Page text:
Pottery is essential to understand the development of the Vega of Granada in these centuries, but we will need to combine its information with that provided by written sources, archaeological features of known sites, toponymy and, most important, relative dates given by the evolution of irrigation systems associated with settlements. We have not the space to extend too much on this subject, but in few words we assume that irrigation crops, with all the social circumstances that it implies and adapted to such a wide spectre of environmental conditions, could only be introduced in the peninsula in the time of the Islamic invasion. Irrigation systems are by nature extraordinary enduring as long as they keep on working, and reforms made in them have such an impact in the whole system that must be visible in landscape and thus archaeologically understandable. Then it is possible to date these reforms by their study, labour that has been started with important results in some points of the Vega de Granada (MALPICA, 1997; JIMÉNEZ PUERTAS, 2007). We might be soon in position to trace the history of the accumulative irrigation systems in the Vega de Granada from its beginnings.
For the moment being, we return to the settlement phases that we can propose with the pottery and the rest of data:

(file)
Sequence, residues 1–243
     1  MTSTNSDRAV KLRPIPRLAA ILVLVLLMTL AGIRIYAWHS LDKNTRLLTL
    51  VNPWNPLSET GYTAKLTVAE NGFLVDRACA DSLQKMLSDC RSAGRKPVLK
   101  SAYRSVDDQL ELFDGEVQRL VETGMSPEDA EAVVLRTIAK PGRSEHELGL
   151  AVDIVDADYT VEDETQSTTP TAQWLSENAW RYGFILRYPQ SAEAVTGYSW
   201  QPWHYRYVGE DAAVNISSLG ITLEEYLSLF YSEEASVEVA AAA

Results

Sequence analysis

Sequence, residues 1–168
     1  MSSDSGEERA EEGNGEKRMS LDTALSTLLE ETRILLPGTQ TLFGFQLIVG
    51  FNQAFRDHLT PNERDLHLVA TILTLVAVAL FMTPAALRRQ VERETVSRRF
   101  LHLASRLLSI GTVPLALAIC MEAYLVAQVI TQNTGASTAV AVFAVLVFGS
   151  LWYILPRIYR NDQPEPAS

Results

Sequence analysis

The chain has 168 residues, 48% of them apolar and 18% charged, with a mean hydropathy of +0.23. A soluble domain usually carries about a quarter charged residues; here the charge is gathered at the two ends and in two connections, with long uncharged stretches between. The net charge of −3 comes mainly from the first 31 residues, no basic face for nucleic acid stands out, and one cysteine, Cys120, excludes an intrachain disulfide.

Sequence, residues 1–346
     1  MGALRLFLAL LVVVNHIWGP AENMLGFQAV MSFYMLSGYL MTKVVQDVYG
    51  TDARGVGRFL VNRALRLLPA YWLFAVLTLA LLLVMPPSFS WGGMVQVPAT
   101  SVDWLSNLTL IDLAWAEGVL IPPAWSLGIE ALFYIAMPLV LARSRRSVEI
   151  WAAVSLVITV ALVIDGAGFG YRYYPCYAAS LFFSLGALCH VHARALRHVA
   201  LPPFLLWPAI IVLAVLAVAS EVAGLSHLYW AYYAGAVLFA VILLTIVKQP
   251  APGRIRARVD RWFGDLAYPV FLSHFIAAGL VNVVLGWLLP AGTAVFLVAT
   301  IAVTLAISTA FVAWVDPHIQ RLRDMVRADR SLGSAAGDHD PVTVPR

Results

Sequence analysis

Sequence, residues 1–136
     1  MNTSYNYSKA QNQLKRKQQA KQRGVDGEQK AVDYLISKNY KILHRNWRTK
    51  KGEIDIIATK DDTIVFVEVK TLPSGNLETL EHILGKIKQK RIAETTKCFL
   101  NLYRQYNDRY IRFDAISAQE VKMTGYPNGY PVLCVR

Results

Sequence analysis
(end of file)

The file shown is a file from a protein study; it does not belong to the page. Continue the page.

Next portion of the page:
1. From 8th century to beginnings of half of 9th century. A first islamization of territory is carried out by the settlement of some Muslim groups in the Vega. Evidence shows that mixed though clearly separated settlements were configured, but that there should be also new foundations. The latter carry toponyms like Alhendín or Cacín, making reference to tribal groups (respectively, the Banu Hamdam and the Banu Gassan). Written sources, however, tell about aynad (sg. yund (7)) who installed in lands given by Visigothic patricians (RIBERA, 1868). These new settlers would have produce a radical change in the economic systems of their new founded or occupied lands when they introduced irrigation in fields, as it is the case of the Banu Jãlid of Loja (RIBERA, 1868). It is also evident that older settlements suffer this transformation, and they are today inserted in the irrigation systems around them; there is a kind of these settlements which results highly significant, because its toponym reveals a plurality (usually two) of settlements, produced probably when a new place was occupied to separate different communities inside the same settlement; we are guessing when we say that the sites that better adapted to the new economy are the villages today. Examples of this last kind are settlements like Gabias or Ogíjares. Among the pottery made in this phase there must be a part of continuity, because Muslims had nor will nor power to induce by force their habits in the old population; but at the same time it is indispensable the development of a new pottery record associated to the uses of Islamic habits, and possibly with different technological and morphological features, because this would be performed by new arrived potters (maybe in Peacock’s domestic mode of production). As we know that there are no more important migrations of peoples inside al-Andalus after the 9th century and at least up to the 10th-11th centuries, it is not conceivable to think that the key elements to found an Andalusian pottery were not introduced abruptly in the 711, but that they took more or less a century to be widely spread (a similar argument can be applied to irrigation). Moreover, all these elements were introduced by a very heterogeneous group, since the mass of the invaders was composed by very diverse waves of Arabs and Berbers, each one coming from far away distant places. And besides, this first Islamic pottery could have been made in an emergency situation, until their politic and economic systems were stabilised (maybe in some fifty years, following BARCELÓ, 1997; KIRCHNER, in press). In consequence, this duplicity of the Archaeological record will make identification of this first phase of pottery extremely difficult, mainly defined by the lack of emblematic productions, like ARS or glazed pieces. A group of pottery of this phase will have a mixture of Late Roman and not very much developed Islamic features (8).